I never know when or why grief raises its grizzled head, but apparently today is one of those days. It could be I am so relentlessly living in the present that the effort wears me out or maybe my sad truth simply wears through.
I don’t want to spend the rest of my life draping my psyche in moldy widow’s weeds, so I try to stay focused on what I have — friends, adventure, dance, writing — and not what I don’t have, but oh, that “don’t have” is so very hard to handle even all these years later.
In less than nine months, I’ll be marking the sixth anniversary of my life mate/soul mate’s death. Can seven, ten, fifteen years be far behind?
It seems odd that though I seldom think of Jeff, can barely conjure up an image of him in my mind, can’t even remember the sound of his voice, his goneness rules my life. If he were still alive, would I be walking along deserted beaches, hiking in old growth forests, putting myself in dicey situations in the name of adventure? Of course not. I’d be home with him.
And that lack of “home,” I’m sure, continues to be the crux of my grief. He was home to me. Without him, there is no home, though I am learning to be at home wherever I am. Still, there are times when I desperately want to go home, and that’s when it hits me . . . again. He is gone and there is nothing I can do about it.
Even though I know the truth — if he hadn’t died, my life, and his, would have become truly horrific — it doesn’t help with my missing him, with my desire to go home to him.
To a certain extent, being without a car is exacerbating my feeling of homesickness and homelessness. I have a hunch this prolonged situation is as frustrating for the auto body guy as it is for me since there is way more work than he ever imagined — though I never did ask for or expect the full restoration he is doing. He also has me bugging him to get the car finished, which I don’t think he likes, but he is not the one without a car, without a mate, without a home. (I do have places to stay, for which I am eternally grateful, but the places are other people’s homes, not mine.)
The past few days I’ve mostly been walking around town or taking it easy hiking on the Pacific Coast Bike Route to give myself a chance to heal from the dog bite, sprained calf muscle, and myriad mosquito bites, but tomorrow I’ll attempt something more challenging to get back into the moment.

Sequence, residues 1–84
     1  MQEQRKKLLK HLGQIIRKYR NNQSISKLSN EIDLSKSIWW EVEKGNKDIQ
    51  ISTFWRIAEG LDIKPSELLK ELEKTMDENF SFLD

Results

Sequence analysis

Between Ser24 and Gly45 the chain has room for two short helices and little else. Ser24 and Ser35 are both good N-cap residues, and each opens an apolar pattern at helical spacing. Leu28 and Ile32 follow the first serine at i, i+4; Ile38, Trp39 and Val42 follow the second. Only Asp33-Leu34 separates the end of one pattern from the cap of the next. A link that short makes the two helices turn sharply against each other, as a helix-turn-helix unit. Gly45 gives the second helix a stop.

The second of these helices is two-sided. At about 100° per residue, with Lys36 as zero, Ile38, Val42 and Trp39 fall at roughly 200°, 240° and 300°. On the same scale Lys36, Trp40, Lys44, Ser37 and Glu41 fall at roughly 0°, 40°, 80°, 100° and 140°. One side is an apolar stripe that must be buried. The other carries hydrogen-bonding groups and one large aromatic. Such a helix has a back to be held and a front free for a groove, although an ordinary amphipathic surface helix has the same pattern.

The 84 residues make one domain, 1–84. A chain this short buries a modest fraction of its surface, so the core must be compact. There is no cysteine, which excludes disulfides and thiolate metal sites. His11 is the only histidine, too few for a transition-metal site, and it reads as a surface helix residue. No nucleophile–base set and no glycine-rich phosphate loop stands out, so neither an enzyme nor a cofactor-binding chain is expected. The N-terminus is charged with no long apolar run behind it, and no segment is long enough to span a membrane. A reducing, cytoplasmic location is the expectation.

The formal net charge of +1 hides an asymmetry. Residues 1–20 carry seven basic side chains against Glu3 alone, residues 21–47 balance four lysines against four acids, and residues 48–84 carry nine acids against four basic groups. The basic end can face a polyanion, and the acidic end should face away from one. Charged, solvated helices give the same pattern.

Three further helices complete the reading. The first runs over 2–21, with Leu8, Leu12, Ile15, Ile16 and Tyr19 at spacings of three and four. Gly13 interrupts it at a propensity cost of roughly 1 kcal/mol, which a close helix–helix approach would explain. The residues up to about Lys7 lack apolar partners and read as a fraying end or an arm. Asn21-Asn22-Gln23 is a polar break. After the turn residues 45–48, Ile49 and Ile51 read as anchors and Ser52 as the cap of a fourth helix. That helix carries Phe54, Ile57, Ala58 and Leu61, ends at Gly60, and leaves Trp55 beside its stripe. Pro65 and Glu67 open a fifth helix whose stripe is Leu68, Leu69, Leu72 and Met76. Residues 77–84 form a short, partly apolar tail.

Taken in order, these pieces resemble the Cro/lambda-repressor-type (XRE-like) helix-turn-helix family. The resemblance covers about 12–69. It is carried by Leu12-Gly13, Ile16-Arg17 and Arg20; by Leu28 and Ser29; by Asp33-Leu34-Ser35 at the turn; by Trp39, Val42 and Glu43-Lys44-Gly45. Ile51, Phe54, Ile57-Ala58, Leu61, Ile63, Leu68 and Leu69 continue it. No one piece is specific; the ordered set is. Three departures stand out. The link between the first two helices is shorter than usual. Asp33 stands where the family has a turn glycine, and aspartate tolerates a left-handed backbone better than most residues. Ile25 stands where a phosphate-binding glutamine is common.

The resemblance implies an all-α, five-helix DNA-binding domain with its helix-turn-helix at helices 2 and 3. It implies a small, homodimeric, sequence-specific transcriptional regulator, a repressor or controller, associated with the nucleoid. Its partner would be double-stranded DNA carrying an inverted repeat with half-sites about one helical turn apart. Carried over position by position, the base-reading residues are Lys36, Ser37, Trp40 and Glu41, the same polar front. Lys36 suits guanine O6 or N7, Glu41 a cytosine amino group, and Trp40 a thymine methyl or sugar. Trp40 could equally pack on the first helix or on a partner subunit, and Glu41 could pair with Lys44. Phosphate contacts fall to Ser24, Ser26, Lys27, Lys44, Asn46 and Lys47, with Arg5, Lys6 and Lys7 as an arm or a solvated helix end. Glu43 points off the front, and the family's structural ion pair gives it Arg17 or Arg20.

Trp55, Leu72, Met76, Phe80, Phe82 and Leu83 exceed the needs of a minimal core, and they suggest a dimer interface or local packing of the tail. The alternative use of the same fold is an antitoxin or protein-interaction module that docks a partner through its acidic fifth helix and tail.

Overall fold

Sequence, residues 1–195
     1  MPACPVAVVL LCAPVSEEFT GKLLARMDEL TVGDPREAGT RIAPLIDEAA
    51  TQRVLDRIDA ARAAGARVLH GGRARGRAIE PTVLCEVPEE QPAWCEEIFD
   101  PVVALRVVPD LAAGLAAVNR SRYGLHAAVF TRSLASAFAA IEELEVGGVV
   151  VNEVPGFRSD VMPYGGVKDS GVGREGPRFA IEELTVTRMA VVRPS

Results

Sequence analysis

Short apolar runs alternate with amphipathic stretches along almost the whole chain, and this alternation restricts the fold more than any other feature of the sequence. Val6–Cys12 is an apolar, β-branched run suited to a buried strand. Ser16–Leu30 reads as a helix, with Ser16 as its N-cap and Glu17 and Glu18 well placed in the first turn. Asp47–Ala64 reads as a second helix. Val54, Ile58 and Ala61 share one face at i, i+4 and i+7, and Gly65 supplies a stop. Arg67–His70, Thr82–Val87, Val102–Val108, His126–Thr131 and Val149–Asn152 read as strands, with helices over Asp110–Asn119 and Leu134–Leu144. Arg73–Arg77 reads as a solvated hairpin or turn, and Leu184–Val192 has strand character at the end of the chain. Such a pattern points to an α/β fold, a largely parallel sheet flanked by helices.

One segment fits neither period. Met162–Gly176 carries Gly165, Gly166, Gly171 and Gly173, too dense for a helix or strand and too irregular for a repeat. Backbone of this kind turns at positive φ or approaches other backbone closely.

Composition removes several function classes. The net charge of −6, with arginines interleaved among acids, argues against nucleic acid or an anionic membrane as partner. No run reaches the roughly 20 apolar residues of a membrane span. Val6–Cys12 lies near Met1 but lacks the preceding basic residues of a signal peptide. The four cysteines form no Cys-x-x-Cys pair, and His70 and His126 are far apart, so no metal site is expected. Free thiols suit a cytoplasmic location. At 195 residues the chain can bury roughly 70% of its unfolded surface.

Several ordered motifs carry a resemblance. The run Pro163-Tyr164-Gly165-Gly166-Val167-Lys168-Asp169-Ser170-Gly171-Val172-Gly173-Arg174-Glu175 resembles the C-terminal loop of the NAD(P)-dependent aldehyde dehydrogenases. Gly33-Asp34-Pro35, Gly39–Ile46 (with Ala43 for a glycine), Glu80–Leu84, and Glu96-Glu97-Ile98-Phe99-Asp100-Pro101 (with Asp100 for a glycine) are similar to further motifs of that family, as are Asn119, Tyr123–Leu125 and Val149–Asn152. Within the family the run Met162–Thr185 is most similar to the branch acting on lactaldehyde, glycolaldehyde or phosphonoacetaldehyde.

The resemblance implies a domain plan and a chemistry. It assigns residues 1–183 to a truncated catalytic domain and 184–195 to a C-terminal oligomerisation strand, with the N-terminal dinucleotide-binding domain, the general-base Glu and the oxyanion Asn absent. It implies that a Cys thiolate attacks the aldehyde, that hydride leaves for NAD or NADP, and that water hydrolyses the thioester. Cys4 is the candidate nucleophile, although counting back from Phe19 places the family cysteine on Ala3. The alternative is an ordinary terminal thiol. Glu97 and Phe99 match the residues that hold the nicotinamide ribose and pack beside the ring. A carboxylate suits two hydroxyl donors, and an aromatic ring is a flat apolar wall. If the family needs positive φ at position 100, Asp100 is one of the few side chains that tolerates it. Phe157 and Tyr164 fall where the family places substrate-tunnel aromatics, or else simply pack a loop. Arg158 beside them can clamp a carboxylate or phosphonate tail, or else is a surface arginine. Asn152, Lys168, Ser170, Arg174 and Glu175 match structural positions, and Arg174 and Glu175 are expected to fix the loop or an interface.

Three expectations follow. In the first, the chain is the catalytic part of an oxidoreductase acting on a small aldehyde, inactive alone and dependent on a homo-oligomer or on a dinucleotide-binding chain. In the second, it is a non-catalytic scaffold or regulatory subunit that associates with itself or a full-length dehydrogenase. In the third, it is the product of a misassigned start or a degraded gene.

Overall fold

Jeff might be gone, but I am still here, and I have to do something.
(Pat Bertram is the author of the suspense novels Light Bringer, More Deaths Than One, A Spark of Heavenly Fire, and Daughter Am I. Bertram is also the author of Grief: The Great Yearning, “an exquisite book, wrenching to read, and at the same time full of profound truths.”)
August 5, 2015 at 9:30 pm
You are missed in dance class.
August 6, 2015 at 10:03 am
I still think a little mini trailer or pop-up would give you a sense of home while remaining mobile for adventures.
August 6, 2015 at 4:56 pm
I have been enjoying your postings as you journey through the Northern California coast. It is been like an adventure for me but the overwhemling feeling of Grief that hit you today makes the adventure more understandable. I am a year and 4mths without Gary, with whom I shared life since I was 18 until now ( 70years old) and I realize your adventure is looking for your new life without your soul mate, finding a new home where your heart can find some peace. Hopefully your car will be fixed soon and you will have a small since of security returned to your life. We must keep moving forward!! I find forward motion a little difficult but as you are trying so hard I will keeping treking!!
Have a good day tomorrow.
August 6, 2015 at 9:46 pm
I cannot help but cry for you when you express this grief! I have just passed the one year mark and I still feel it is so fresh. I know exactly what you mean when you say it! And the pain is at times unbearable. I sure hope they get your car to you soon!!
August 7, 2015 at 5:50 am
a virtual hug to Pat, who is still bravely moving through time and space. Love your pic of the bikeway, which looks like heaven to this cyclist. (Can’t go as far or fast as I used to, but I keep going out there for those little moments of timeless that also happen when you walk.) A quote from Betsy Schuyler Hamilton–am finishing a book about she and her famous husband now–“Would that I could fly to my Blessed Redeemer, and, in His House, be permitted to once again view my Hamilton.” At her death, fifty years beyond his fatal duel with Aaron Burr, she was still carrying love tokens he’d given her.